The anniversary falls on Friday. In the second extraordinary semi-final comeback in as many days, Tottenham overcame Ajax courtesy of a 96th-minute winner from their most recent recruit. A year and a half into his Spurs career, Lucas Moura completed his hat-trick. It was an advertisement for enforced continuity, an antidote to the obsession with spending as the only team in the top five European leagues to go through the season without signing anyone became Champions League finalists.
But it was not entirely true to call Tottenham the team without transfers. There was a golden age of recruitment under Mauricio Pochettino: not in 2018-19, but a seven-month spell in 2015 when Spurs brought in Dele Alli, Son Heung-min, Kieran Trippier and Toby Alderweireld all for less than £45m. Four years, and four top-four finishes later, each of a quartet which could have been valued at a combined £250m started the Champions League final.
The budget challengers laid the groundwork in 2015. Paul Mitchell was head of recruitment. David Webb, now head of football operations at Huddersfield, was assisting him as head of elite identification. They could not compete at the top end of the market. They were charged instead with unearthing Pochettino-style players.
“Manchester City, Chelsea, Liverpool and Manchester United were the superpowers and were ahead of us in terms of what they could spend,” Webb says. “We identified players with potential because we felt we had one of the best teachers in the game and the best record at that time of developing them. Poch is a real developer. We would take players who we would think would tick all the attributes of what he was looking for but would be more behind in their development than some of the ready-made players.”
The criteria for a Pochettino player involved a combination of the physical, technical and mental. They had to suit the gameplan and chemistry. “They had to be tactically very capable and athletic, because of the transitions,” Webb outlines. “Tottenham were very big on transitions, breaking and getting from A to B very quickly. They had to be technically proficient enough to play for Tottenham in their position. Every player had to have certain qualities on the ball and they had to be good characters within the group because the dressing room was key. They would be extremely hard workers on and off the pitch.”
Alli was the flagship success, the £5m buy voted PFA Player of the Year in each of his first two seasons at White Hart Lane. Purchased in January 2015, he was loaned back to League One MK Dons for the rest of that campaign. Yet Alli’s early prowess came as a surprise. The long-term strategy initially entailed dispatching him to another club outside the top flight for 2015-16.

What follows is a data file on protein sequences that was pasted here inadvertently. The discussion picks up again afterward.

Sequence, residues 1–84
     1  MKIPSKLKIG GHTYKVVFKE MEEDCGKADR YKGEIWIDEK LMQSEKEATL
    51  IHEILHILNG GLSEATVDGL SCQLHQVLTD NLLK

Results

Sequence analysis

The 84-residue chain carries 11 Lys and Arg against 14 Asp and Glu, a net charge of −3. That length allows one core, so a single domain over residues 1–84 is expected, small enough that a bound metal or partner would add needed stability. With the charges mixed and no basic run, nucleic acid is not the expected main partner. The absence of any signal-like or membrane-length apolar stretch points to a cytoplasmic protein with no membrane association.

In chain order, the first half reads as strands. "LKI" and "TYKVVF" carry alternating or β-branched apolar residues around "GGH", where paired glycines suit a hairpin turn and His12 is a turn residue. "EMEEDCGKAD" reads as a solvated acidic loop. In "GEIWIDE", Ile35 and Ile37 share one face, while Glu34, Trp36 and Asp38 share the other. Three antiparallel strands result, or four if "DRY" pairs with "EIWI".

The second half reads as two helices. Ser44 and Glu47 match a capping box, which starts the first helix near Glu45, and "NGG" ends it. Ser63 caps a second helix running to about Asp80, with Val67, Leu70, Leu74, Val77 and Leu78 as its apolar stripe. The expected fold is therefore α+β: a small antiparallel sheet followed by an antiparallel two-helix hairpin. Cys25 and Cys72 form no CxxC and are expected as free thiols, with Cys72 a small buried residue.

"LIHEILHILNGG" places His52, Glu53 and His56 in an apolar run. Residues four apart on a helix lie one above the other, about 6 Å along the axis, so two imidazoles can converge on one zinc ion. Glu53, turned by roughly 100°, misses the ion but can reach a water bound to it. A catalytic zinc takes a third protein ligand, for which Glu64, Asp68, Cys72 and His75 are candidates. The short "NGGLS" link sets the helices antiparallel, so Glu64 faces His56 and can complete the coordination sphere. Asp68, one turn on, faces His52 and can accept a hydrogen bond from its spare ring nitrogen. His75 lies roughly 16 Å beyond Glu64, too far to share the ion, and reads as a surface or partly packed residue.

Webb, who scouted Alli for his previous club, credits Mitchell with the signing and says: “I was watching Dele myself for Bournemouth and Eddie Howe. My understanding when I arrived was Dele was potentially going to be loaned out, maybe to a Championship club, but during a very good pre-season it was evident to us that Dele could compete at Premier League level, maybe for a first-team place on a regular basis. He surprised us when we got him inside the building. With his character, his determination and his resilience, his work rate was phenomenal. When you have got those attributes, that ticks a lot of boxes straight away when you work with someone like Poch.”
Alderweireld was the other to make an immediate impact. Spurs had conceded 53 goals in 2014-15. They reduced that to 35, the joint fewest, in the Belgian’s debut campaign. “Mitch was very instrumental in bringing Toby to the club because he had worked with him previously at Southampton,” Webb says. “He knew he would fit Pochettino’s style. He has certain attributes that attracted us. It was his intelligence, he was very articulate, fantastic on the ball, a really good ball-playing centre-half.
“The way Tottenham wanted to play, he supplemented that because he can build your play and start with passing options from the back. He wasn’t ultra-quick but his game reading and his anticipation were excellent as well as being very good on the ball and he was a really nice character. He was a good communicator. He had good leadership qualities on the pitch, a quiet leader at interrupting other players around the dressing room.”
Alderweireld came in as the finished article. Trippier, bought from relegated Burnley as a £3.5m back-up, did not but he went on to score in a World Cup semi-final three years later. “He was ultra-competitive, giving Kyle Walker a run for his money straightaway. Physically he was very good, getting up and down the way Poch wants his full-backs to play; they have to be very athletic. There was the fact he can deliver crosses from various areas of the pitch. We knew we were getting someone who was still quite raw [defensively] and had the potential to improve.”
Son was a slower starter, scoring eight goals in his first year in England before getting 75 in the next four. “Some players hit the ground running, some take time to adapt but we were never in any doubt that he would flourish,” Webb says. “He was a fantastic player. He was different to anything we had and we did our homework on profiling him. He was a very family-orientated person, a very confident character and a really nice lad.
Son added versatility and another dimension. “He was multi-functional,” Webb says. “That was important. If we needed to play him as a false nine, to play him wide, in the half spaces, one of his main attributes was that he could run beyond. We had some good ball players and we had never really had those players who could stretch.” As defences were stretched, horizons were expanded by the 2015 buys. Four years later, Spurs were 90 minutes away from being champions of Europe.